The 2021 Entry Draft had no shortage of drama as far as pre-draft rankings were concerned. Matty Beniers, Owen Power, William Eklund and a few others all took turns being heralded as potentially the draft’s best option. Our own Dobber Prospects crew had him pencilled into the second spot in the final rankings. Ultimately, the honour in the real world went to Owen Power, but in the fantasy world, the arguments are still happening as the draftees are starting to take regular shifts in the NHL. 

Fun fact: the top-scoring defenseman at the NHL level thus far is none other than household name Janis-Jerome Moser, who has 72 points in 197 games as of writing. I rated him a “keep” about a hundred games ago, but it was not for his offensive skills.

Scouts raved about Eklund’s maturity, given his play against older, larger and more experienced men in the SHL. His game was quite refined and showed a maturity that was missing from some of the more high octane prospects, which sounds like the clandestine ‘better in real life than in fantasy’, ‘two-way’, or ‘defensively responsible’ compliments fantasy managers try to dodge when evaluating prospects. More is made of Eklund’s playmaking and hockey IQ than his defensive prowess in terms of the cornerstone of his game, appearing to be more of an accentuation to his overall game than the crux of it.

Eklund has already established himself as an important player for the Sharks, even prior to his most common linemate, Tomas Hertl, landing on LTIR and subsequently moving to Las Vegas. This season he finds himself starting his shift in the defensive zone more than half of the time, but doing well with driving play.

Eklund has provided us a glimpse into his archetype this season, posting 12 goals and 23 assists for 35 points in 71 games- a 40 point pace. Of those points, 19 have come with the man advantage, as Eklund is seeing 62% of available powerplay time in San Jose. His offensive percentages are very reasonable, and his PDO suggests he may even be a bit unlucky, though San Jose being the worst team in the NHL in SV% is certainly weighing heavy on that.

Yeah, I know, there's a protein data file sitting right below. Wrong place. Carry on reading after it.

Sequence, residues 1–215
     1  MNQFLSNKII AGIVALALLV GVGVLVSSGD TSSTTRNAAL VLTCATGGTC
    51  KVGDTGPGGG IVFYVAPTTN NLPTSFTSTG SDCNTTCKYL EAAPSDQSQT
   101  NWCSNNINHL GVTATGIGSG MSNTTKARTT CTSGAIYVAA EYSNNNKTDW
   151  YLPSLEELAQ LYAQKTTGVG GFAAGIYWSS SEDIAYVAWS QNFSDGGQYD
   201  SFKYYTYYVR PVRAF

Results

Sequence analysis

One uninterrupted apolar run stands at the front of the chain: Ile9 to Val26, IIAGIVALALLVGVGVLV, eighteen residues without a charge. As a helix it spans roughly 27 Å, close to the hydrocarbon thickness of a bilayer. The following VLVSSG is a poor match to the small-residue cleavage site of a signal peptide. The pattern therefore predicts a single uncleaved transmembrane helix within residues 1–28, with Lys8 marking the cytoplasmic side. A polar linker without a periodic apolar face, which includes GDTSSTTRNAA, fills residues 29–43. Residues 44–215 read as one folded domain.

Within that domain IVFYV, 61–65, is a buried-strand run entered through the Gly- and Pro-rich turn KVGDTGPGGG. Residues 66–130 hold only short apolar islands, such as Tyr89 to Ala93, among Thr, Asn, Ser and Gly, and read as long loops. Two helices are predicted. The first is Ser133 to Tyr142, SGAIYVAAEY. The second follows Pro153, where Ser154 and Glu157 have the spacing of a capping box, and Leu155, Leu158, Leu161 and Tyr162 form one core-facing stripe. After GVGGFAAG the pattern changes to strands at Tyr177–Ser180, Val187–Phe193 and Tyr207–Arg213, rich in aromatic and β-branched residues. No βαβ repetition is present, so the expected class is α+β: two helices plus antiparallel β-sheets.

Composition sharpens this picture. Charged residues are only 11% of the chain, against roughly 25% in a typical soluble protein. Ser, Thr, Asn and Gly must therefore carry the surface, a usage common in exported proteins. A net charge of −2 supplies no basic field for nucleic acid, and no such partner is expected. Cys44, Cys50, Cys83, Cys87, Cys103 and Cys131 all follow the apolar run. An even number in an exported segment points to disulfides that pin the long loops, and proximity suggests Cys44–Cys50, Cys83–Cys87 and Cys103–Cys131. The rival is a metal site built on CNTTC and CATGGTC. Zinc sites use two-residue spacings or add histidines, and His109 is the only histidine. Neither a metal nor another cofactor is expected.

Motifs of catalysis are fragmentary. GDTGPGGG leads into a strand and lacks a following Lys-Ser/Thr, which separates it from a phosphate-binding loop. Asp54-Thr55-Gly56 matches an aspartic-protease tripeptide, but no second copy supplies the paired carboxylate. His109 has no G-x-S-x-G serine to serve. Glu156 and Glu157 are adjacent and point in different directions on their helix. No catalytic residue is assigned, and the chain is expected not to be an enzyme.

Your league’s settings are going to greatly impact how valuable Eklund will be to your particular team. He should be a strong hold in any points leagues, but depending on other categories on your docket, they will potentially dilute his value. For example, if your league uses plus minus (do leagues really still use plus minus?), Eklund is the bottom of the thermometer at -42 on the season, though in fairness, half of the bottom ten by that measure are Sharks.

A more common area where Eklund will be a drag on a fantasy team will be in multicategory leagues. Through 71 games this year, he is averaging 1.6 shots and 0.44 hits per game with his 18:28 of ice time. Offensive categories are the hardest ones to fill reliably, and he has the skill and will be given the deployment to do so, but in a league where being one-dimensional lowers a player’s value, Eklund could be one of those players.

I believe this has had an impact on Eklund’s perceived value, at least in my pools anyway. The kid was a heralded player at the draft, and he’s arrived this season, shining a bright light on a team going through a very dark time. In fact, in the last 28 games, he’s scoring at a 50 point pace, and is still rostered in only 43% of Fantrax leagues. 

With the above caveats and attention to your leagues’ settings, Eklund is still a fabulous buy if your competition isn’t valuing him right now. Will he end up as a Johnny Gaudreau type- point per game, minimal peripheral, assist and special teams points heavy- contributor? That’s a possible outcome, though Johnny shoots a little more, and Eklund has as many hits this year as Gaudreau does since the start of the 2019-2020 season. This isn’t to say they play the same game or are comparable stylistically, but is a decent litmus test to check and see how a player like Gaudreau is valued in your league currently, and get an idea how rosterable he is.

Final verdict: you definitely keep Eklund, and acquire him with reasonable caution if you can. 

Thanks for reading, and we will see you next month.